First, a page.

• Before the 2012 season, the Angels gave Albert Pujols a 10-year, $240 million deal. Pujols is an all-time great, one of only a few players in baseball whose career matches up well with Cabrera's. Pujols' contract looked a little batty at the time and looks utterly foolish now; in two years in Anaheim, Pujols has a .338 on-base percentage and has hit just 47 home runs. His total WAR is 6.7. This will not end well. It may not go well for a single year, though I suspect Pujols will have two or three very good years.
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But the Angels are in a huge market. They signed a 20-year, $3 billion local TV contract around the same time they signed Pujols. And the most important distinction between Pujols and Cabrera is that Pujols was a free agent.
The Angels were bidding against every other team in the league, and the contract began immediately. This is also true of the Mariners' 10-year, $240-million deal with Robinson Cano. I don't like the Cano deal and don't see how it works out for the Mariners in the long term. But in both cases, the teams understood that they had to outbid everybody to sign a player coming off an MVP-quality year. There is a reason Scott Boras likes his players to test free agency. That's where the biggest money is ... or usually is.
That is why this Cabrera deal is so illogical. What was the urgency here? Cabrera turns 31 next month. He has two years left on his contract. Even if Cabrera has another MVP-type season, as I suspect he will, would his price have been that much higher in a year? And even if the price did go up, why couldn't the Tigers just let Cabrera walk as a free agent? That's what the Cardinals did with Pujols, and one World Series appearance later, I'd say it worked out pretty well for them.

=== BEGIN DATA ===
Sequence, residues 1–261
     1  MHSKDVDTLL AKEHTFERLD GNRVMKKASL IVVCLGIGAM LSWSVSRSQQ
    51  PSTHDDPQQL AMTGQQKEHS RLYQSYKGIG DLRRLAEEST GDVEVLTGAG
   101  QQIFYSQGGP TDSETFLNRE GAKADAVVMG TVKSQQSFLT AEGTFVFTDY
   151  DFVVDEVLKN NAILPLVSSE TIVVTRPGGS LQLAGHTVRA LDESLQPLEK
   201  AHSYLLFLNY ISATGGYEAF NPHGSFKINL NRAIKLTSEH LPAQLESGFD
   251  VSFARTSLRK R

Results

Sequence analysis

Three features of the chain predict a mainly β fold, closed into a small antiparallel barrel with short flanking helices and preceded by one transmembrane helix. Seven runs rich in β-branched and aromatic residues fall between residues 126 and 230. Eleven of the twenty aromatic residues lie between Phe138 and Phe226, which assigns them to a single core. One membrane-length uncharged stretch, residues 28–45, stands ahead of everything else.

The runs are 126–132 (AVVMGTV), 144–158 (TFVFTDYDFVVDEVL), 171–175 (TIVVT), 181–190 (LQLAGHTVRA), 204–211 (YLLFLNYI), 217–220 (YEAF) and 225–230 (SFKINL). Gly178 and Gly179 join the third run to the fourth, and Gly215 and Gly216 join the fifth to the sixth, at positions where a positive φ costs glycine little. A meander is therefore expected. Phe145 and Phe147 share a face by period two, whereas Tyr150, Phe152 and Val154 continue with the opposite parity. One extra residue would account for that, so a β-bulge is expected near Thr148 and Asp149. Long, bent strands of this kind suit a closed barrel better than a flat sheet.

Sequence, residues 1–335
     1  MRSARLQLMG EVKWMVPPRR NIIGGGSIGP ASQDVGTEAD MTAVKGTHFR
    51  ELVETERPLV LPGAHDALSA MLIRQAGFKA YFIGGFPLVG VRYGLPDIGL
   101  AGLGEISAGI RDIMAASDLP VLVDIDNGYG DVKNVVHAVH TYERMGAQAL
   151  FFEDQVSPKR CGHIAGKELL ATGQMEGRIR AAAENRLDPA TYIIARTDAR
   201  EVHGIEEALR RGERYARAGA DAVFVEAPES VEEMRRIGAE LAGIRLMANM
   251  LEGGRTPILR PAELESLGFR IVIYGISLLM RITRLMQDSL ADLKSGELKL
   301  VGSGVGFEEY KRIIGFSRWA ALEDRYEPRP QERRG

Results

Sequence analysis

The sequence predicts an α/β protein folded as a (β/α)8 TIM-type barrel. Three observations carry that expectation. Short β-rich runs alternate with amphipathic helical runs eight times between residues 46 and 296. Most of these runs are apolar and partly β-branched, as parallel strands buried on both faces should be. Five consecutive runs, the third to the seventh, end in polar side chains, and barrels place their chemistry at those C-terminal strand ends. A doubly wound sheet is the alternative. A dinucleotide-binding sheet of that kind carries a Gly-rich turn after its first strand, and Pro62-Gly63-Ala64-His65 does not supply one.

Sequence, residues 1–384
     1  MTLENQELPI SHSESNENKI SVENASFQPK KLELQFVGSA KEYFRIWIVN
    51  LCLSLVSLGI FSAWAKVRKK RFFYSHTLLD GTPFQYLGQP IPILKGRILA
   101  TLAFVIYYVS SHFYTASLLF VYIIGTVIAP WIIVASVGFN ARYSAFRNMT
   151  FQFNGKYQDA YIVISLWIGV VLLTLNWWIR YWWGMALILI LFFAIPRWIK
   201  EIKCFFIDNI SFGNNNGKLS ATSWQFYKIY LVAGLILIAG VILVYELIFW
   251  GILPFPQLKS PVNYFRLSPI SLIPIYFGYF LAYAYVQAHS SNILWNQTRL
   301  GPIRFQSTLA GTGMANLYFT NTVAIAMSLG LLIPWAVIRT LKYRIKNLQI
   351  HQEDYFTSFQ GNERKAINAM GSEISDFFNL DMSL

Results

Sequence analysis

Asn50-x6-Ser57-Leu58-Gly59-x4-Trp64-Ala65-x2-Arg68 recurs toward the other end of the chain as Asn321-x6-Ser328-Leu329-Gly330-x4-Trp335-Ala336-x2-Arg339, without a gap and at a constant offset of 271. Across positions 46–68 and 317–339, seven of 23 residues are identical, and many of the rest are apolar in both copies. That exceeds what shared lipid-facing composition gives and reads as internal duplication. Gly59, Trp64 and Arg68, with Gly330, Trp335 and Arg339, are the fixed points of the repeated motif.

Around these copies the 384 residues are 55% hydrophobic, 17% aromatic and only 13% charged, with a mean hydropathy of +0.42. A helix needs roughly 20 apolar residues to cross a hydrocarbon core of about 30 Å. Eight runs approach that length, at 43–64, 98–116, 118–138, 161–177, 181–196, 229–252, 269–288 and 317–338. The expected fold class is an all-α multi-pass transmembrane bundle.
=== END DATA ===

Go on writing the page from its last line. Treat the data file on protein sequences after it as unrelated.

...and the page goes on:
The Tigers assumed all the risk of this contract, and they didn't have to do it. They could have enjoyed two years of Cabrera's peak wCithout worrying about how he will age. That is every owner's dream.
Well, almost every owner.
This brings us to the reason the Tigers did this. His name is Mike Ilitch. He owns the Tigers. He is a former Tigers farmhand. In Ilitch's telling, a knee injury put an end to his Major League dream, and whether it was the injury or a talent deficiency, the point is that this is how Ilitch sees it. He made silly money selling pizza and won four Stanley Cups with the Red Wings, but he still has this baseball void he wants to fill.
Ilitch bought the Tigers in 1992 and the team stunk until 2006. The team appeared to lose a lot of money. Ilitch's wife and kids would have been very happy to see him cash out. He wouldn't do it.
There is no delicate way to put this: Ilitch wants to win a World Series before he dies. He is 84 years old and his health has been a concern the last few years; recently, he missed the jersey retirement ceremony for Red Wings defenseman Nicklas Lidstrom because of health issues. If Ilitch was willing to lose money all those years when the Tigers were bad, you better believe he is willing to lose money to make them really good.
That was the impetus for the Fielder signing, the Pudge Rodriguez signing, the Magglio Ordonez signing and the Justin Verlander extension. Of those, only the Verlander extension made sense to other teams. But Ilitch doesn't care if his fellow owners think he is fiscally responsible, and the Tigers have won a lot of games in the past few years. It has been worth it to the owner.
Ilitch wants Cabrera to be a Tiger for as long as he owns the team. Ilitch wants to win the World Series, he has no interest in regrouping for a year, and he has a limited understanding of sabermetrics or statistical studies of aging ballplayers, even when the player is as undeniably great as Cabrera.
Years ago, Ilitch's general manager, Dave Dombrowski, would say that when you spend too much of your payroll on one player, it rarely works out. Dombrowski did not get dumber. He surely knows how risky this is. But Dombrowski has learned Ilitch will overpay for anybody he really wants, and he wants Cabrera more than anybody he has ever employed. The contract does not make sense because the player will get old. It happened because the owner already has.